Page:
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Using static:: versus self:: in object oriented PHP

php static

Both “static” and “self” are keywords in PHP, but which one do you use and when? On my previous article about PSR-0 and PSR-4 autoloading I got a comment from Arnold that I should use “static” instead of “self”. Thank you again Arnold, you were completely right! I did not know this, so I decided to get to the bottom of it. There are several Stack Overflow answers on this subject, listed here in order of relevance:

  1. PHP Can static:: replace self::?
  2. What is the difference between self::$bar and static::$bar in PHP?
  3. New self vs. new static
  4. When to use self vs $this?

PHP example classes using “static”

After reading Stack Overflow, I wrote some code that covers everything discussed in the links above.

<?php
 
class Animal
{
    public static $name = "animal";
 
    // Return the class that is represented by "self::"
    public function getSelfClass()
    {
        return get_class();
    }
 
    // Return the class that is represented by "static::"
    public function getStaticClass()
    {
        return get_called_class();
    }
 
    public function selfVar()
    {
        return self::$name;
    }
 
    public function staticVar()
    {
        return static::$name;
    }
 
    public function selfMethod()
    {
        return self::getName();
    }
 
    public function staticMethod()
    {
        return static::getName();
    }
 
    protected function getName()
    {
        return "animal";
    }
 
}
 
class Penguin extends Animal
{
    public static $name = "penguin";
 
    protected function getName()
    {
        return "penguin";
    }
}
 
var_dump(Penguin::selfVar());
var_dump(Penguin::staticVar());
var_dump(Penguin::selfMethod());
var_dump(Penguin::staticMethod());
var_dump(Penguin::getSelfClass());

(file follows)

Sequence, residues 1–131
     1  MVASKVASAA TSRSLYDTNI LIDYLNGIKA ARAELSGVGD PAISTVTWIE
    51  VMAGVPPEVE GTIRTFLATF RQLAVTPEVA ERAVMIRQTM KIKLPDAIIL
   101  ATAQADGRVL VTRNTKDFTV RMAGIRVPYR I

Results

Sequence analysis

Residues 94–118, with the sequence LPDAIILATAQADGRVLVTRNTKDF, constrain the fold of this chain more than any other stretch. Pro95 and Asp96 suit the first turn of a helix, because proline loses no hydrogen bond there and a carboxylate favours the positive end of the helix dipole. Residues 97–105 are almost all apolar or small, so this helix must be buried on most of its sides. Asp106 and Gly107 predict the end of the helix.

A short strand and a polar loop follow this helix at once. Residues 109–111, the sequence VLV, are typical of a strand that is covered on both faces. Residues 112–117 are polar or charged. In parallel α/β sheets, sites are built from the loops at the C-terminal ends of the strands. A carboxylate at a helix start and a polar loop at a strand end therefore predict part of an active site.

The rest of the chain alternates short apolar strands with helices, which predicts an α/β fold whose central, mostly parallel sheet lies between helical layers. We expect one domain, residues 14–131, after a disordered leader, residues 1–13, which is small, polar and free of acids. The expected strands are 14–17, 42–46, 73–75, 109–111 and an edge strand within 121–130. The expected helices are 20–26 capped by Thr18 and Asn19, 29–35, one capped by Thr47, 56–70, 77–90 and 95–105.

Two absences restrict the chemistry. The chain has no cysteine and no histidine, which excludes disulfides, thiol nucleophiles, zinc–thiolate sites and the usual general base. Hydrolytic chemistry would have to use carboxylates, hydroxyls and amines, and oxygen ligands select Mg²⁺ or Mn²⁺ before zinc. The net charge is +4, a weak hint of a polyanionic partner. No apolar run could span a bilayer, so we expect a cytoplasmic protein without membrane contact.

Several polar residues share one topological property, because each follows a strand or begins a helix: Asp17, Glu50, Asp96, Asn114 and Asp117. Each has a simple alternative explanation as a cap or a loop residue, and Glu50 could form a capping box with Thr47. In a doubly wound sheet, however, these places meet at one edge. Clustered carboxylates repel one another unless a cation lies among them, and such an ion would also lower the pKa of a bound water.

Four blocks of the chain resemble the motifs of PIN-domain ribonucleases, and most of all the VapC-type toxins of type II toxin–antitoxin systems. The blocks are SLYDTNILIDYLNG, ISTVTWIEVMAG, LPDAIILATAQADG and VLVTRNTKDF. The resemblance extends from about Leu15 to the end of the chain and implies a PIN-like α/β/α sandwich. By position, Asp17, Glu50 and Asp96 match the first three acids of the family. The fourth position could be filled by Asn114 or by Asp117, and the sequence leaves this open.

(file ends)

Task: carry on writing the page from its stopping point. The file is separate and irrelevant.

var_dump(Penguin::getStaticClass());

Output of the above script:

string(6) "animal"
string(7) "penguin"
string(6) "animal"
string(7) "penguin"
string(6) "Animal"
string(7) "Penguin"

Discussion on Reddit

There is an interesting discussion on Reddit about this post where people argue that static variables (and methods) should not be considered “object oriented”. Also people say that the use of the “static” keyword is bad practice. I tend to disagree, since there are some very common uses for “static” variables. For instance, the singleton pattern requires static variables to be applied.

Conclusion

As you can see, both on variables and methods, when you use “self::” you refer to the current class (like “get_class” does) and when you use “static::” you refer to the called class (like “get_called_class” does). I hope this post helps you to understand the difference between “static” and “self”.

5 Responses to “Using static:: versus self:: in object oriented PHP”

  • It’s also worth mentioning that class constants behave in the same way as static properties e.g `static` refers to the called class, `self` refers to the current class. This kind of makes constants not so constant, depending on what you’re doing this might be a good or bad thing.

  • Thanks for the mentioning!

  • Maurits van der Schee (Innovation Engineer):

    @James: Thank you, very insightful comment!

  • A worthy note, and huge factor why people (incl. me) don’t like static methods, is because they’re hard to test… They can’t be injected nor be be mocked. It’s not that I can’t see use cases for using it, but the fact that it’s a pain to write unit tests for, I tend to find more test friendly alternative instead of using static methods.

  • Maurits van der Schee (Innovation Engineer):

    @Dennis: Good point! Thank you for your comment.

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